All of this points to the need for careful attention to definitions and measurement. We have seen that researchers, the public, and victims themselves use different words for different reasons. Inter-disciplinary work in this space has also proliferated terms.[76] This can lead to “difficulties estimating the effects and consequences of” gender-based sexual and physical violence in society.[77] The best work emerges from the active involvement of individuals with experience of violence and abuse in defining, testing, and refining survey and interview measures, including consideration of how—and the impact of how—data is collected.[78] The Office for National Statistics in England and Wales appears to have carried out user engagement exercises in the recent redevelopment of domestic abuse measures.[79] To our knowledge, the involvement of individuals with lived experience of violence in the design of quantitative research is rare in France; although there was some input by victim organisations in the writing of the VIRAGE survey.

Despite the positive work of campaigners, policymakers, journalists, academics, and social movements over time, it remains a challenge to identify and communicate the experience and extent of physical and sexual violence. Some authors identify a tendency for backlash to follow any gains in women’s equality[80] or when individuals speak out about their experience. For example, the implementation of Operation Yewtree in the UK, following revelations about large-scale sexual offending by a British media personality, very quickly descended into discussions about overzealous investigators, victims “jumping on the bandwagon,” and a concern around judging actions in the past, as if sexual violence previously had been more culturally acceptable.[81] “Backlash” against victims of sexual violence or partner abuse may better be understood as ongoing rather than cyclical.[82]

We might imagine that increased awareness and public discussion about gender-based violence over the past decade would have led to increased accountability and even a reduction in prevalence. Certainly, recent media coverage and social movements—such as #MeToo—may assist some victims to recognise the violence they themselves have experienced.[83] But the means of victimisation appear only to morph and proliferate, particularly using emerging technologies. In addition to in-person physical and sexual violence, victims are now subject to issues such as online harassment, deepfake pornography, upskirting, or control and coercion through phone trackers and connected devices.[84] A wider introduction of home robots may also present challenges in the future.[85]

Going forward, we hope that research can (a) recognise the diversity of victims and perpetrators while not losing sight of gender, power, and other intersections; and (b) find context-appropriate language that reflects experience and enables good measurement. We hope too that society continues to take victimhood seriously and that governments use research that is informed by lived experience to shape and to fund appropriate social, educative, and justice responses to gender-based violence.;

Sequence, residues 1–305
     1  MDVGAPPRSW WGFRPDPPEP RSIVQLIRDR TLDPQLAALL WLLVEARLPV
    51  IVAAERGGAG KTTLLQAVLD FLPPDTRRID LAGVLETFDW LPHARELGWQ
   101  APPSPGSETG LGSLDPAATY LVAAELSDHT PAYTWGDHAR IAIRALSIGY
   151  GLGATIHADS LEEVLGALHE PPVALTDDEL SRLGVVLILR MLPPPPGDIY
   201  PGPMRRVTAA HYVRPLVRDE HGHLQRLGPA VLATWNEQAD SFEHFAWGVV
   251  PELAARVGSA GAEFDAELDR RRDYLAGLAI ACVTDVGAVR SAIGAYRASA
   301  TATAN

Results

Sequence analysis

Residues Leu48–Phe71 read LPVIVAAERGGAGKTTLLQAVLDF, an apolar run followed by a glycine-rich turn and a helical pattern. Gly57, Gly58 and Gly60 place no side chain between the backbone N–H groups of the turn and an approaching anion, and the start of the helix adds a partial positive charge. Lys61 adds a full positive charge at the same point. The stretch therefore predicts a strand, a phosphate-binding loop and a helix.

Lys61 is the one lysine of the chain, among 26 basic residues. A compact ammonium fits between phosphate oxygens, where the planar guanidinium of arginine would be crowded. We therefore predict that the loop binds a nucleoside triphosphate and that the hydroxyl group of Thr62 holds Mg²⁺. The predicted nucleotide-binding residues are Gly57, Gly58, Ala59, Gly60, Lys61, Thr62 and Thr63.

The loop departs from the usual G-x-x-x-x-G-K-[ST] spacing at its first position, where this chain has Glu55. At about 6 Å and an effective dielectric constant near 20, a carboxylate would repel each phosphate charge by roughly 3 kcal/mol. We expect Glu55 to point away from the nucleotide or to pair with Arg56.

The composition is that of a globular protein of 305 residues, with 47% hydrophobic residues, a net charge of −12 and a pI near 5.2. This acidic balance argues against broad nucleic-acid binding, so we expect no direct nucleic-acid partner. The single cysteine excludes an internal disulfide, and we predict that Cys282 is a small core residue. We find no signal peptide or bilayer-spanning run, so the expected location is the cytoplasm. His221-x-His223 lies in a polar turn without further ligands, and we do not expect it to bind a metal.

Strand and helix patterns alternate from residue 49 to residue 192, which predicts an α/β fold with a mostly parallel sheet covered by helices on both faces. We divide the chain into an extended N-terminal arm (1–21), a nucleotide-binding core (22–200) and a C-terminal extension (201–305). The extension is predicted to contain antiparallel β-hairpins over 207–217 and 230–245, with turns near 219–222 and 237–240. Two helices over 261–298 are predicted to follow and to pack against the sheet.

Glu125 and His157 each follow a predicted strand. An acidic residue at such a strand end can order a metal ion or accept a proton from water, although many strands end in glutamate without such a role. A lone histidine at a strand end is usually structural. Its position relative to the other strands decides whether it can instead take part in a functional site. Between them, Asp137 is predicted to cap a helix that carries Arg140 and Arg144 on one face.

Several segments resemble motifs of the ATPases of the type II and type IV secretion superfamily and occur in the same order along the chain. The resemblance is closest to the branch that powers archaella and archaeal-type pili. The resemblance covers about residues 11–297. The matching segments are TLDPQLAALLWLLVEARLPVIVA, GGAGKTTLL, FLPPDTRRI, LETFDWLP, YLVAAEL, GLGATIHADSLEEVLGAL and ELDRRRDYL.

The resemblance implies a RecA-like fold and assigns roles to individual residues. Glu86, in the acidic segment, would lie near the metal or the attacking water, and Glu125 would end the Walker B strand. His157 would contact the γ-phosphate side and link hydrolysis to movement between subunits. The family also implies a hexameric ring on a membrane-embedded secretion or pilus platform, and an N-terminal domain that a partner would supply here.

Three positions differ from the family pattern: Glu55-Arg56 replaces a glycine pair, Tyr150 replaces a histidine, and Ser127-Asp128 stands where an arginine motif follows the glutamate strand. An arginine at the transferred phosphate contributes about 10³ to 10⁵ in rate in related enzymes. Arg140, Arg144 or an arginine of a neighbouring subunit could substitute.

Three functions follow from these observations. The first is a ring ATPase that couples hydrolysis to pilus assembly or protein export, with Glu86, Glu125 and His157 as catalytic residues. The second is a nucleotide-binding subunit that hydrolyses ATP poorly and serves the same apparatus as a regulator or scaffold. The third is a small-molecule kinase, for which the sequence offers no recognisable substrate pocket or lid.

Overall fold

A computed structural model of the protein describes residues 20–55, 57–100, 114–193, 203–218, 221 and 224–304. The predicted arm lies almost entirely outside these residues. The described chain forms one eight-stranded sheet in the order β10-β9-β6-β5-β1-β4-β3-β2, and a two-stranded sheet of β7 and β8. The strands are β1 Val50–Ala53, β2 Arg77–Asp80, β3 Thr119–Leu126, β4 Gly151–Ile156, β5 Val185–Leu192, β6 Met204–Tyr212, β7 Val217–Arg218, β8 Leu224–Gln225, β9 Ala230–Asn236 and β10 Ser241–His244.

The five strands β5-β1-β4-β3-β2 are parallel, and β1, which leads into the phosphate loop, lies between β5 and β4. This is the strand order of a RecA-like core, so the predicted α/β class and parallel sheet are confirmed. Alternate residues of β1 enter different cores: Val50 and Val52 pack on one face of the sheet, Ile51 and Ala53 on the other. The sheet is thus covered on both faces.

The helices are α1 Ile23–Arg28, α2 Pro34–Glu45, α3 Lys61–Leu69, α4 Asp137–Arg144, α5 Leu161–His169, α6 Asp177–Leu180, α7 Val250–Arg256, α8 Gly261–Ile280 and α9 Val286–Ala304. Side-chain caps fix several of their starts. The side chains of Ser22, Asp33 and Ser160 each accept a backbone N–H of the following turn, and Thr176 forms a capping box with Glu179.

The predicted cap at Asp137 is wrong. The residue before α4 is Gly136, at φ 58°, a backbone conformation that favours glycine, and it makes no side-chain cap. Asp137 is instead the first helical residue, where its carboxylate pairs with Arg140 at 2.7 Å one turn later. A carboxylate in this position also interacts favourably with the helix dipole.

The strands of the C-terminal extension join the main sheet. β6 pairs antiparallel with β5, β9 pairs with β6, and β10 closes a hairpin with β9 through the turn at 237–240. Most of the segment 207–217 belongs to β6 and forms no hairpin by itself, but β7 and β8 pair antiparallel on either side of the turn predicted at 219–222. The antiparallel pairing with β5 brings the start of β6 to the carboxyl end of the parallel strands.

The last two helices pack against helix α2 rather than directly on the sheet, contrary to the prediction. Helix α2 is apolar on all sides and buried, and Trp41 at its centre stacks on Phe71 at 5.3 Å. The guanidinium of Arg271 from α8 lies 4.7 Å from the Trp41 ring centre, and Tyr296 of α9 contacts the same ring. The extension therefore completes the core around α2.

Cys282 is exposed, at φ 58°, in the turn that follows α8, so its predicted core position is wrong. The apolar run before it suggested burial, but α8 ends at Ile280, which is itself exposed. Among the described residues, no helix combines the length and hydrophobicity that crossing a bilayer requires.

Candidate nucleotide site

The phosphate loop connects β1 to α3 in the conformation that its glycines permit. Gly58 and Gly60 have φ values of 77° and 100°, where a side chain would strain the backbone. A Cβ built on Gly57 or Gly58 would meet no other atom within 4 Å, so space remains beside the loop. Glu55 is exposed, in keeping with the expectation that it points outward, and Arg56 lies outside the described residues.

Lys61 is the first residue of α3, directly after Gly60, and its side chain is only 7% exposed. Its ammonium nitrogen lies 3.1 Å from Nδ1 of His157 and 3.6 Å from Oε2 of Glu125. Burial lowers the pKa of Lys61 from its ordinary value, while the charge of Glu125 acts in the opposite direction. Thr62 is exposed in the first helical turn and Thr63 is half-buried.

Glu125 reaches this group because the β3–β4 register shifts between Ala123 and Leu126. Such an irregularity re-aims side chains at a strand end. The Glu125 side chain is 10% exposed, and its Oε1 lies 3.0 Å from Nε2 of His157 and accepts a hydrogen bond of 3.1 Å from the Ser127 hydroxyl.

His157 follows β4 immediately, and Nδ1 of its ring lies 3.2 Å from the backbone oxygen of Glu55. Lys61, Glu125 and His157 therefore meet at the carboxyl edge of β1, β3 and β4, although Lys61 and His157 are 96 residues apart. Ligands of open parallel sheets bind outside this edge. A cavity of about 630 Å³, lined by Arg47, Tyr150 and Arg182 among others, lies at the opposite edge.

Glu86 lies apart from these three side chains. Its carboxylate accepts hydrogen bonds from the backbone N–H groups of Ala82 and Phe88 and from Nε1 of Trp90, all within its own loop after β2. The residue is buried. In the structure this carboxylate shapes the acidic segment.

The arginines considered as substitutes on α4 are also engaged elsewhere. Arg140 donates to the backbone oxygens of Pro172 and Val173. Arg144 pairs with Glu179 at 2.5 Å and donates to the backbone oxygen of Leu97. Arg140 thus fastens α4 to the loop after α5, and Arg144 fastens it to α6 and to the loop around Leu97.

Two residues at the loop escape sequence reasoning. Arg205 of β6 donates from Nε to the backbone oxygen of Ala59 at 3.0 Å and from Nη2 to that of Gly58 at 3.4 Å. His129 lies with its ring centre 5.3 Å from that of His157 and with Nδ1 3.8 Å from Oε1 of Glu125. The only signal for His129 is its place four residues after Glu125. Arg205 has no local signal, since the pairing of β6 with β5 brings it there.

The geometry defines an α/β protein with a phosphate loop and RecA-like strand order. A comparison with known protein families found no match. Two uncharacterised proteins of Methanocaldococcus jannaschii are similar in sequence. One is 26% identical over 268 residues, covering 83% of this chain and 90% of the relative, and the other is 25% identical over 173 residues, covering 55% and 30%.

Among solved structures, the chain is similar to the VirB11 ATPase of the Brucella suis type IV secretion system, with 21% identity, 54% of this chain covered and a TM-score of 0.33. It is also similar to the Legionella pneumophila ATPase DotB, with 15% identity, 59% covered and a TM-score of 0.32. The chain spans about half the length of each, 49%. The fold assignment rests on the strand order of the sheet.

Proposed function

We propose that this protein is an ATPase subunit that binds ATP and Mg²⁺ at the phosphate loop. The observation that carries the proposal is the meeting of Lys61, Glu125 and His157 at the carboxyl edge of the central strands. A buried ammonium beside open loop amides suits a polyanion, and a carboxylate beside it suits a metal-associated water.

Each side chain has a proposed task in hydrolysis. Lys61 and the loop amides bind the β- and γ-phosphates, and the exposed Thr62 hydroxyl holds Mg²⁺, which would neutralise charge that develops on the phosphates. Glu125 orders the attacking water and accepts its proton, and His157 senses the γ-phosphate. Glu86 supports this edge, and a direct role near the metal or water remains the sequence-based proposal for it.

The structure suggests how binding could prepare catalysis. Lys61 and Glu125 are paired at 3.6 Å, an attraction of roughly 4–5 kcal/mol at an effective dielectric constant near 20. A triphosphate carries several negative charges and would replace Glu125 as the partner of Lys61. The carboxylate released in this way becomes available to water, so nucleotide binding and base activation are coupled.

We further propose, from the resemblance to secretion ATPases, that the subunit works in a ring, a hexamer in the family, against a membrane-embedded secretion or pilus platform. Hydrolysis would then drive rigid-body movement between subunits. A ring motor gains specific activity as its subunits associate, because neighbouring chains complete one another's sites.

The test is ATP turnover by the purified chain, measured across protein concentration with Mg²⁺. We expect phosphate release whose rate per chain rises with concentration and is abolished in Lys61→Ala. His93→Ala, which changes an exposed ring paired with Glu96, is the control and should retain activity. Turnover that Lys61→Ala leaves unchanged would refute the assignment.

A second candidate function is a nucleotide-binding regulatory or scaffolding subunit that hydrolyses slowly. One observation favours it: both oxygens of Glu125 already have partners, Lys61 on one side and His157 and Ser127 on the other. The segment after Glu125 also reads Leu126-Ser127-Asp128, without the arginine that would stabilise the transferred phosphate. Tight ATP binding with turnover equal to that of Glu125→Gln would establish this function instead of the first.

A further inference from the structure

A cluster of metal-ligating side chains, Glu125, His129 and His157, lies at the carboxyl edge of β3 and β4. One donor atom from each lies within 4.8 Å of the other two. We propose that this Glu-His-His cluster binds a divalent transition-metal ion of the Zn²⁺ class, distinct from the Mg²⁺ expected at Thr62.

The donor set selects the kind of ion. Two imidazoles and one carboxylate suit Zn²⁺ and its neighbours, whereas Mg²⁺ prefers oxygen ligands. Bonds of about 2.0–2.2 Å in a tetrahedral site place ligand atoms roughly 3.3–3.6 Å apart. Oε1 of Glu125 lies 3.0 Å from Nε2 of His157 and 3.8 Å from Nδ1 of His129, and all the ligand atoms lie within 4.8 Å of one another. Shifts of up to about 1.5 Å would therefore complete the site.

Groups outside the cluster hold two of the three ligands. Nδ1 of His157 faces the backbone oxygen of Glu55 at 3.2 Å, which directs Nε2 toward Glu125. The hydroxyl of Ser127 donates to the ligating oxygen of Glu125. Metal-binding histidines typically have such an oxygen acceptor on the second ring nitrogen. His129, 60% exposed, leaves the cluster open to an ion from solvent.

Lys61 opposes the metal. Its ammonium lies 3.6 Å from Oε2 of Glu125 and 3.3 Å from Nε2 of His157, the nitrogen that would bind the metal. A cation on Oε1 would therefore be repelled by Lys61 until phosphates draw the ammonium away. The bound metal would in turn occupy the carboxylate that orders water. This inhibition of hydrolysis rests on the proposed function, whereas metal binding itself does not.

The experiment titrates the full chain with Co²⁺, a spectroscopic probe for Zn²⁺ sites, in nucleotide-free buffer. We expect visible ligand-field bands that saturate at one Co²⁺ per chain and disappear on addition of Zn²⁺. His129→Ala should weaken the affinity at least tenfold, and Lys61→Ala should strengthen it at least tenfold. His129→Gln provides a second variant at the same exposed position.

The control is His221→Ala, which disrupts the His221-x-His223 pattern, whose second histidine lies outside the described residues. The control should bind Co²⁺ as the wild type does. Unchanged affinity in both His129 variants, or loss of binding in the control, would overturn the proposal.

dePICTions volume 4 (2024): Victimhood

[1] Jan Van Dijk, “Free the Victim: A Critique of the Western Conception of Victimhood,” International Review of Victimology 16.1 (2009): 1-33, here 8.

[2] Nils Christie, “The Ideal Victim,” in Ezzat A. Fattah, ed., From Crime Policy to Victim Policy, London: Palgrave Macmillan, 1986, 17-30.

[3] Alice Debauche, “Violences sexuelles,” in Juliette Rennes, ed., Encyclopédie critique du genre, Paris : La Découverte, 2016, 691-700.

[4] Jan Van Dijk, “Free the Victim,” 25.

[5] Shirley Jülich, Julienne Molineaux, and Maclom D. Green, “The strategic use of terminology in restorative justice for persons harmed by sexual violence,” The International Journal of Restorative Justice 3.2 (2020): 215-234, here 218-219.

[6] Alice Debauche, Viol et rapports de genre: Émergence, enregistrements et contestations d’un crime contre la personne, PhD thesis, Institut d’Etudes Politiques de Paris, 2011, 468.

[7] Geetanjali Gangoli, Khatidji Chantler, and Marianne Hester, “Understanding forced marriage: definitions and realities,” in Aisha Gill and Anitha Sundhari, eds., Forced marriage: introducing a social justice and human rights perspective, London: Zed Books, 2011, 25-45.

[8] Helene F. Aakvaag, Siri Thoresen, Tore Wentzel-Larsen, Grete Dyb, Espen Røysamb, and Miranda Olff, “Broken and guilty since it happened: A population study of trauma-related shame and guilt after violence and sexual abuse,” Journal of Affective Disorders 204 (2016): 16-23.

[9] See, e.g., Christine Barter, “Discourses of blame: deconstructing (hetero)sexuality, peer sexual violence and residential children’s homes,” Child & Family Social Work 11.4 (2006): 347-356. These ideas persist strongly, particularly for victims who do not conform to the “ideal victim.” In France, on February 22, 2024, an initiative known as #MeTooGarçons [#MeTooBoys] was launched by an actor. The men who come forward with their testimonies appear to be taken seriously, as evidenced by the media response. However, there has been a backlash against gay men who testify, highlighting that not everyone can be an “ideal victim.”

[10] Kathleen Barry, Female Sexual Slavery, Englewood Cliffs: Prentice-Hall, 1979, 274.

[11] Paul Rock, Constructing Victims’ Rights: The Home Office, New Labour, and Victims, Clarendon Studies in Criminology, Oxford: Oxford University Press, 2004, 624.

[12] Basia Spalek, Crime Victims: Theory, Policy and Practice, London: Bloomsbury, 2005, 216.